50 Years of Cabaret: The Surprisingly Transformative Journey of a Classic | Playbill

Special Features 50 Years of Cabaret: The Surprisingly Transformative Journey of a Classic In honor of the 50th anniversary of Kander & Ebb's Cabaret, Playbill.com creates a full evolutionary timeline of the piece since its 1966 premiere.

Fifty years ago, a Broadway classic was born when John Kander, Fred Ebb, and Joe Masteroff’s Cabaret opened on Broadway. But what opened on Broadway in 1966 is, for many, quite different from the Cabaret we’re used to seeing today. Unlike shows like Gypsy or Oklahoma!, classic musicals that have been repeatedly revived with more or less unchanged books and scores, Cabaret has seen multiple dramatic transformations in both its book, score, and staging as it was adapted for the screen and then revived on Broadway three times. Each incarnation was groundbreaking for its time, but each new revision also pushed the envelope further and further in terms of the authenticity of 1930s Weimar Germany.

Cabaret first opened on Broadway November 20, 1966. It started its life as Goodbye to Berlin, a semi-autobiographical novel by Christopher Isherwood that recounts his time in 1930s pre-Nazi Berlin. The novel was adapted into a play, I Am a Camera, by John Van Druten in 1951; Julie Harris won her first of five career Tony Awards originating the role of Sally Bowles in this play. The production was also famous (or rather infamous) for receiving a New York Times review by Walter Kerr with the headline “Me no Leica.”

Sandy Wilson—writer of The Boy Friend that introduced Broadway to Julie Andrews in the 1950s—was working on a musical adaptation of the Van Druten play when he learned that Harold Prince, fresh off producing the mega-hit Fiddler on the Roof, had purchased the rights to both the Isherwood novel and the Van Druten play. Prince was planning his own musical version of the story, and he’d hired Joe Masteroff (She Loves Me) to pen the book. It was initially thought that Wilson’s existing score would be used, but ultimately Prince and Masteroff asked John Kander and Fred Ebb to come on board, hoping they’d be better able to match the musical style of Weimar Germany.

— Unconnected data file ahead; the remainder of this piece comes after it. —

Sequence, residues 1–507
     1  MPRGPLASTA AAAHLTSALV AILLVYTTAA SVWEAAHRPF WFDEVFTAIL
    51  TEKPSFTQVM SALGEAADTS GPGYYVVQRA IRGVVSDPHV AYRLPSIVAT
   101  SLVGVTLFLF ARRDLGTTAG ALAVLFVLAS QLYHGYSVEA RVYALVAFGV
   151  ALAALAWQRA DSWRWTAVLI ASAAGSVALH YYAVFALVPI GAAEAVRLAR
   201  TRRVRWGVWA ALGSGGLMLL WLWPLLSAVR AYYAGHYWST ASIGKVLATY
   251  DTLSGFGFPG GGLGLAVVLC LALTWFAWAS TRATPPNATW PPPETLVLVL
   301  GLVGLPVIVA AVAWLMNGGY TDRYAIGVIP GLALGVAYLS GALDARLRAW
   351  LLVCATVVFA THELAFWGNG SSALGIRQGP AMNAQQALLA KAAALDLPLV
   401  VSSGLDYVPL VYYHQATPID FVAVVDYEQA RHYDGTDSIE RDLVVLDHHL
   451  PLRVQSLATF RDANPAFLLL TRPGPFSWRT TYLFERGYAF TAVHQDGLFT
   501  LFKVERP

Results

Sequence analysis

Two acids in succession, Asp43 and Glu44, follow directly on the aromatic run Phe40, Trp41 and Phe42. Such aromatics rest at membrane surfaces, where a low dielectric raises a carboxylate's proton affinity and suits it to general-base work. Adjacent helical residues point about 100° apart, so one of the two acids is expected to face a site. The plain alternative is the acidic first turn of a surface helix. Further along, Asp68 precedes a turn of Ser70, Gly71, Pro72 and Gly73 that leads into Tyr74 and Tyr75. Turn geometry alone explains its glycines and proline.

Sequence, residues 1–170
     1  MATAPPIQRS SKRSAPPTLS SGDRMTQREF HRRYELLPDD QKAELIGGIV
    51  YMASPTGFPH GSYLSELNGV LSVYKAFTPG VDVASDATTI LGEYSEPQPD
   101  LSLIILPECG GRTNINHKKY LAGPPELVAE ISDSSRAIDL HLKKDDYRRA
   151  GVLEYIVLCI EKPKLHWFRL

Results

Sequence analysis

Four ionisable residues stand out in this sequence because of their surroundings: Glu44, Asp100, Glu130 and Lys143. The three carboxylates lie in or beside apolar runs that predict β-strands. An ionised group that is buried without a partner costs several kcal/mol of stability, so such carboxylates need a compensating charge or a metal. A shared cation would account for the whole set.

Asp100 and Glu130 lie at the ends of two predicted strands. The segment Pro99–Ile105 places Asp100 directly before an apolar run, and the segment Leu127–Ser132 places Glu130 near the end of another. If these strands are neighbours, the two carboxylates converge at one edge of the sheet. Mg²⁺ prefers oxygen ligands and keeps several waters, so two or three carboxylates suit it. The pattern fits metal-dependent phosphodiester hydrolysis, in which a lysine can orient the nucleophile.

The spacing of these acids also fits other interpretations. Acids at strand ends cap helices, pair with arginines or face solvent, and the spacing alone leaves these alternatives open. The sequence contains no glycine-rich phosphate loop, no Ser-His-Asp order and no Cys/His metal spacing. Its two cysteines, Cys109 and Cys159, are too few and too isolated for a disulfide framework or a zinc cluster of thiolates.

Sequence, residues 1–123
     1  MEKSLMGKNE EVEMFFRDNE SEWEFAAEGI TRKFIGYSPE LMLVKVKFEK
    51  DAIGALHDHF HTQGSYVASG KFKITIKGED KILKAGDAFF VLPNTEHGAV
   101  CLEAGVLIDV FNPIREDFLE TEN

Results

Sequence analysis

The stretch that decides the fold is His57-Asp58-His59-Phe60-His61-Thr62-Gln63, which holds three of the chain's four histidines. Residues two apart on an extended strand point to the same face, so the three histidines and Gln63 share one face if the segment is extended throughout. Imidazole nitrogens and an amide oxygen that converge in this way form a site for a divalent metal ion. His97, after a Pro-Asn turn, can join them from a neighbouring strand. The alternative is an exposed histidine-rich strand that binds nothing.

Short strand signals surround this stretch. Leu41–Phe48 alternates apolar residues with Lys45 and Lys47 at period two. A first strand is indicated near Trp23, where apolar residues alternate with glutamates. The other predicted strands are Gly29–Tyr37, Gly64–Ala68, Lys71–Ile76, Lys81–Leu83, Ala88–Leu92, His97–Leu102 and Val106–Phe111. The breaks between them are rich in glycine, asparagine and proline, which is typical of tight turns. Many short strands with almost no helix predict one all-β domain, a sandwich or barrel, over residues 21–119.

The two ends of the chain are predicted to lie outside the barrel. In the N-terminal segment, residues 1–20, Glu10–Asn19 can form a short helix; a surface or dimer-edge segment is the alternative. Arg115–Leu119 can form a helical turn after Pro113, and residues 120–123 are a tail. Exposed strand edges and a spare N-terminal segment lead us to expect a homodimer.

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With Prince as both producer and director, the original Broadway production of Cabaret opened November 20, 1966 at the Broadhurst Theatre. It notably broke with many time-tested musical theatre conventions of its day, both in terms of content and form. Aside from a chorus of scantily-clad Kit Kat Girls and a plot that dealt frankly with anti-Semitism and abortion, the production also jettisoned a traditional overture and show curtain for an abruptly beginning opening number (“Wilkommen”) and an exposed stage that featured a large mirror, reflecting the audience back onto themselves. The show was a hit, winning eight 1967 Tony Awards, including best musical, score, director, choreographer, and featured actor awards for Joel Grey and Peg Murray.

For director and choreographer Bob Fosse’s 1972 movie adaptation, he encouraged writers Jay Allen and Hugh Wheeler to go back to Isherwood’s original stories, and they ended up with a screenplay that resembled the source material more than Masteroff’s stage book. Isherwood’s real-life homosexuality was incorporated into the character modeled on him (Brian, changed from Cliff in the stage adaptation), who became bisexual. Fosse also departed from the stage version by deleting all but one of the non-diegetic songs taking place outside of the Kit Kat Klub, like ‘Perfectly Marvelous’ and ‘So What?’ He then added three new Kander and Ebb songs, “Mein Herr,” “Money,” and “Maybe This Time.”

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The movie was a huge success both financially and with critics. It won eight 1973 Academy Awards, including best director for Bob Fosse, best actress for Liza Minnelli, and best supporting actor for Joel Grey, making him one of only eight actors to win Tony and Oscar Awards for playing the same role.